20 Sep September Reflection – Michael McFarland SJ
As we prepare for your Colloquium in Rome next month, we are deeply saddened by the illness and death of Elena Bartoli, who staffed our Rome office. Before that, she ran the Visitors’ Bureau at the Jesuit Curia, where she was a legend among Jesuits, their families and their guests. She opened up the treasures of Rome to them all. Everyone who dealt with her was overwhelmed by her warmth, her efficiency, her deep knowledge both of the rich history of the city and the life of the Church, her unmatched network of contacts and her boundless generosity, no matter what the request.
Elena was the embodiment of the virtue of hospitality for Jesuits and their friends. For us hospitality means much more than basic acts of human kindness or good customer relations. It has a much deeper religious significance. Throughout the Old Testament, there are constant reminders of the importance of showing welcome and extending help to the stranger, especially one in need. In the book of Genesis, Abraham’s special calling as the Founder of the Jewish nation began when he extended hospitality to two strangers who wandered into his encampment in the desert. Moses was sheltered by his future father-in-law Reuel when he was on the run from Pharaoh; and it was during that time that God appeared to him in the burning bush and sent him to save Israel from their slavery. Ruth, when she came as an alien to Judah in order to care for her mother-in-law Naomi, was received generously by Boaz, who made sure she was able to glean enough from his fields to feed her and Naomi and ordered his men to watch over and protect her. They then married; and their offspring led to King David. God’s saving actions in salvation history often began with acts of hospitality. This lesson was reinforced by many injunctions in the Law and prophets. For example, Leviticus 19:34 commanded, “The foreigner residing among you must be treated as your native-born. Love them as yourself, for you were foreigners in Egypt. I am the Lord your God.”
Hospitality is at least as important in the New Testament. Those who showed hospitality to Jesus were richly rewarded. For example, in Luke 7:36-50, a Gospel we heard earlier this month, the woman who was a notorious sinner showed Jesus extravagant affection and welcome, to the great annoyance of the Pharisee who gave him a chilly and half-hearted reception. As a result, her sins were forgiven and she was given the promise of salvation, while the Pharisee got a reprimand. Zacchaeus, another sinner scorned by his fellow Jews, also received forgiveness and salvation from Jesus for his enthusiastic and generous hospitality. These are just a few of the many examples from the Gospels where God’s mercy and love was poured out on those who welcomed Jesus and outsiders like him. Think of Martha, Mary and Lazarus, Mary Magdalen and the Apostle Matthew. We are to do the same. Paul reinforces this lesson in his letter to the Romans when he writes (Rom 12:13), “Share with the Lord’s people who are in need. Practice hospitality.” All of this is tied to a deeper reality of God’s loving welcome to all, symbolized by the Kingdom of Heaven being often portrayed as a banquet to which all are invited to enjoy God’s lavish hospitality. This reality is present to us even now in the Eucharist, which, as Paul points out in 1 Cor 11:17-34, is inextricably tied to our obligation to extend a special welcome to the poor and outcast.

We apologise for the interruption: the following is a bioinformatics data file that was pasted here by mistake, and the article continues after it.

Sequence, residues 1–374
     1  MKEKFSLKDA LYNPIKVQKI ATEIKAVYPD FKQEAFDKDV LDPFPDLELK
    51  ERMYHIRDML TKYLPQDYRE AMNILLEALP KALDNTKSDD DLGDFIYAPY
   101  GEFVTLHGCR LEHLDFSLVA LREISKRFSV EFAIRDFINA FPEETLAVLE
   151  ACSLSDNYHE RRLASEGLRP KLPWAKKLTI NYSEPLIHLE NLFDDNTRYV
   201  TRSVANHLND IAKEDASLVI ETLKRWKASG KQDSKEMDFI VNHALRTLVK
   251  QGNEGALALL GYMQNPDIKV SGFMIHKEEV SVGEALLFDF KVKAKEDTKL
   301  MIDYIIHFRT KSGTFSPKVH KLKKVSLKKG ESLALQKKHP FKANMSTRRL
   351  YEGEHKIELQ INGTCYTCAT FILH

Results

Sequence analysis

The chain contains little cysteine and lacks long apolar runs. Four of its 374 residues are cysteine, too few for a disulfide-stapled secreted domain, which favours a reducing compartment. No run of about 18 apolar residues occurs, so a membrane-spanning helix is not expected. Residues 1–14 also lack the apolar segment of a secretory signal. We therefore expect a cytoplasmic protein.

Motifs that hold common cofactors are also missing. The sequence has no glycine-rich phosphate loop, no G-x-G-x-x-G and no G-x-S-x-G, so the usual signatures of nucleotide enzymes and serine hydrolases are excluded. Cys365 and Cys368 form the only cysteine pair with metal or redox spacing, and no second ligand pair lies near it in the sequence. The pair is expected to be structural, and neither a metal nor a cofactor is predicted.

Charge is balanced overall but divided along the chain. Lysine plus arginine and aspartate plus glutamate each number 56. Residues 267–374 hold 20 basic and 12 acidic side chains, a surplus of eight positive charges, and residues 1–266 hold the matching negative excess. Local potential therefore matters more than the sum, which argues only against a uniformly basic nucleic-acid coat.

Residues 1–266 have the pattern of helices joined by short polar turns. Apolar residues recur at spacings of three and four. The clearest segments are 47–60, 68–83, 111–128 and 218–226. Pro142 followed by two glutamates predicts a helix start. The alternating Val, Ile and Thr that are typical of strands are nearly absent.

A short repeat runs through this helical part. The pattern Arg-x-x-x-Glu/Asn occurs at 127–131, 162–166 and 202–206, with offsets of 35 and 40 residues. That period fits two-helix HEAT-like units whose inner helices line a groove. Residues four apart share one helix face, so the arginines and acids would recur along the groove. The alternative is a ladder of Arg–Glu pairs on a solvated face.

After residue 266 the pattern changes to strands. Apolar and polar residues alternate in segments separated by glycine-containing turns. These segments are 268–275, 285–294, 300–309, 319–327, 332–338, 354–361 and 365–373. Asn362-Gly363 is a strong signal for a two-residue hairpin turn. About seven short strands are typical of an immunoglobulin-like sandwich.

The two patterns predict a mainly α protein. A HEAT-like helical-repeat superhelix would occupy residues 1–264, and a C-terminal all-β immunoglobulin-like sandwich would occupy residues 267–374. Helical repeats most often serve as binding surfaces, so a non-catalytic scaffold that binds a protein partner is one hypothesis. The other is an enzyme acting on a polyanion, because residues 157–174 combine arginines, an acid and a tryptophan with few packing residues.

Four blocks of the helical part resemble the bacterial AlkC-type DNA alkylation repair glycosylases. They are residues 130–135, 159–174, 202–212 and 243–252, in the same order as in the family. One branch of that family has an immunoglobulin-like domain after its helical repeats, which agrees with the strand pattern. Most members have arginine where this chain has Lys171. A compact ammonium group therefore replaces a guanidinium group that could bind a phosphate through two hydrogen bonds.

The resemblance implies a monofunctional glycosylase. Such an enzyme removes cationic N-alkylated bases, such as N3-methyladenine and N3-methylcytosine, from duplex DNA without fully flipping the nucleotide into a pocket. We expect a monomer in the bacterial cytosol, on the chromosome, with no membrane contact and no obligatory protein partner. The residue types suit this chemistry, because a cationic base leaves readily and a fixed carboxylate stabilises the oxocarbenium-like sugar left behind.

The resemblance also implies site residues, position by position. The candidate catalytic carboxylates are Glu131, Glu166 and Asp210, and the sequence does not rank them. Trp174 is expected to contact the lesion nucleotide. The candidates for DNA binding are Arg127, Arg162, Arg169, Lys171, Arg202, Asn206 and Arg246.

As we go to Rome for next month’s Colloquium and enjoy the many feasts, spiritual, visual and culinary, that the city offers, we will be especially mindful of Elena and all she taught us about the gift of hospitality and how we find Christ in it. “Hospis venit, Christus venit.”
Michael C McFarland, SJ
President, Gregorian University Foundation